Review – Masters of the Universe: Masterverse #4 (Dark Horse Comics)

Publisher: Dark Horse Comics
Writer: Tim Seeley
Artwork: Eddie Nunez, Daniel “Pez” Lopez, Fico Ossio
Colorist(s): Rico Renzi
Letterer: Deron Bennett
Release Date: 17th April 2023

And so we reach the final issue of Masterverse, Dark Horse’s Masters of the Universe anthology series which has seen a variety of talented artists – many of whom aren’t exactly synonymous with the established He-Man style – giving their own distinctive take on this well-loved franchise.

In the first story of this issue, Unfakeable takes us to the world of the Netflix He-Man and the Masters of the Universe series (the GGI one, not the Kevin Smith one) as our band of heroes are forced to deal with a group of copycat villains who mirror them in every way. Full disclosure, I’m not exactly a huge fan of the CGI series, but Seeley does an admirable job of capturing its distinctive tone and cheesy dialogue, while Daniel “Pez” Lopez delivers some fantastic and detailed artwork. The panel layouts add some real dynamism to what is essentially a nine-page fight scene, although there’s a bit of confusion caused by the fact that, y’know, both sides are absolutely identical. No blue skin and orange hair here, folks. That said, this is still a fun offering, and one that fans of the CGI series will definitely get a kick out of it.

The second story of this issue and the final offering of this anthology series, The Megabeast Matrix features a fantastic concept and a wide variety of oft-overlooked characters.  In what feels like the epic conclusion to a sprawling MCU-style movie adventure (or at least a tasty six-part Dark Horse comics series), Modulok is on the verge of taking over all reality by splitting his mind across the multiverse and taking over the inhabitants of different universes like some insidious parasite. Standing in his way are He-Sol, Zak, Valiant Tina, Hi-Ra, Platino, He-Wo and King He-Man. Yes, the He-Force are back, folks, and looking better than ever thanks to some typically striking artwork from Fico Ossio. This is a ton of fun, and – as has become a bit of a trend in my reviews of this series – is definitely something I would have loved to see more of rather than just an eight-page taster.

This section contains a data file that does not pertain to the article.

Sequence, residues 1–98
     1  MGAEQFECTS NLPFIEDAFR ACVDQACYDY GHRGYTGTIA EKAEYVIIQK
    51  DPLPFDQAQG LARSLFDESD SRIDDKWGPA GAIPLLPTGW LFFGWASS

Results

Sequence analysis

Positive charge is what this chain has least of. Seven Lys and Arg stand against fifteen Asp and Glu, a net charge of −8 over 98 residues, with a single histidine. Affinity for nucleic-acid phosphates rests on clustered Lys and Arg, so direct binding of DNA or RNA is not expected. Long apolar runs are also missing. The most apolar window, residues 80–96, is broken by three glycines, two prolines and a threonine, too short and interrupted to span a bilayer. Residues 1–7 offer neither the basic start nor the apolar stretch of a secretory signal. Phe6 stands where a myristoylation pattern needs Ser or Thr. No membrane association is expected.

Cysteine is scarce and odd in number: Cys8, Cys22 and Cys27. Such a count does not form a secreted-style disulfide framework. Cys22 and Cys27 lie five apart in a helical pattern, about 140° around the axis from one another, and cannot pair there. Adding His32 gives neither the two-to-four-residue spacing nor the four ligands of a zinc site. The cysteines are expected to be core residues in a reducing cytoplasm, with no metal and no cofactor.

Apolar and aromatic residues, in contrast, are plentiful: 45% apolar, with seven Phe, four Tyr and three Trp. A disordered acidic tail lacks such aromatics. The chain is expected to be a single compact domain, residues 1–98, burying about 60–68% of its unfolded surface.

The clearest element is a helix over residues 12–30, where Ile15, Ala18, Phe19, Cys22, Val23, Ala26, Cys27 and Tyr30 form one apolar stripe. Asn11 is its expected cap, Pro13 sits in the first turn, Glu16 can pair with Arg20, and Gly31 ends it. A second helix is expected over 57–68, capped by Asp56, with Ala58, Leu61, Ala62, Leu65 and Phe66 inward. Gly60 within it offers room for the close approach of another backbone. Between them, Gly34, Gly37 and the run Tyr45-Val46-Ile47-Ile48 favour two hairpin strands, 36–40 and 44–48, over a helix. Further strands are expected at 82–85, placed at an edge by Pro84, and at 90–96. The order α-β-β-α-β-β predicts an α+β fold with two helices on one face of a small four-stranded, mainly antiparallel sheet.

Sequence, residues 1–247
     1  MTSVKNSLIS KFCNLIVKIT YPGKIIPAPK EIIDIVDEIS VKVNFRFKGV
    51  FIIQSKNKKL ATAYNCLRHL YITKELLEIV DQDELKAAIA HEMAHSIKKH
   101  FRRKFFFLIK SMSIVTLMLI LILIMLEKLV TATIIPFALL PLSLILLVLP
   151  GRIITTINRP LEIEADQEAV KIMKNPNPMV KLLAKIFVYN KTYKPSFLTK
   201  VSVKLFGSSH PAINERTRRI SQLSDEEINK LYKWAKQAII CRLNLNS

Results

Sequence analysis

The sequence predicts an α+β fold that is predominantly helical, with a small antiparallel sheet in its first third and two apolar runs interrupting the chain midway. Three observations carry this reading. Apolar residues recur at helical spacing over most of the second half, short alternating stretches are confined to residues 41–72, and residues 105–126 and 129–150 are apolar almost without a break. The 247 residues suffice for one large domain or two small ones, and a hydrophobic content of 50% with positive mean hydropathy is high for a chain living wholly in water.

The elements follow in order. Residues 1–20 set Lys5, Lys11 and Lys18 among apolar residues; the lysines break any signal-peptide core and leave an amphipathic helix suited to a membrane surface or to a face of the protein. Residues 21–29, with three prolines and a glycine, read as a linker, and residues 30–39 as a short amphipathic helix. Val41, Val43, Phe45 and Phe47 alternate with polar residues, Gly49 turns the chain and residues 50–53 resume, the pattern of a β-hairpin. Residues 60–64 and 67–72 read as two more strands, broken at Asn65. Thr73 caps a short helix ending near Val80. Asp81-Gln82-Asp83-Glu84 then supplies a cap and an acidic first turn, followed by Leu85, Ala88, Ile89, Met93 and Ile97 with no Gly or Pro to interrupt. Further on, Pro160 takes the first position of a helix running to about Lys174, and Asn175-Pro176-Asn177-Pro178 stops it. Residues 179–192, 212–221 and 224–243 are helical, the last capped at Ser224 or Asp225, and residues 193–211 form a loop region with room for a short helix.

Interestingly, in spite of the stunning artwork of Eddie Nunez, the framing sequences have probably been some of the weakest parts of this series, trying and failing to offer a coherent explanation for the various stories featured in each issue. A lot of the stories themselves don’t really seem to fit into what the Sorceress and Zodac are trying to do, and the attempt at a resolution here falls more than a little flat. I can’t help but wonder whether a simple, Crypt-Keeper style narration at the beginning of each story might not have been a better option.

All in all however, this series has been a real treat for He-Man fans, delivering some fascinating and unconventional takes on this well-established universe. While a lot of the stories have suffered slightly due to the constraints of the format (i.e. the low page count allotted to each one), this series should be considered an essential purchase for fans who want to see their beloved franchise taken in some new and unexpected directions.  Here’s hoping we get more of this kind of thing in the future.

Rating: 3.5/5.


The writer of this piece was: Craig Neilson-Adams (aka Ceej)
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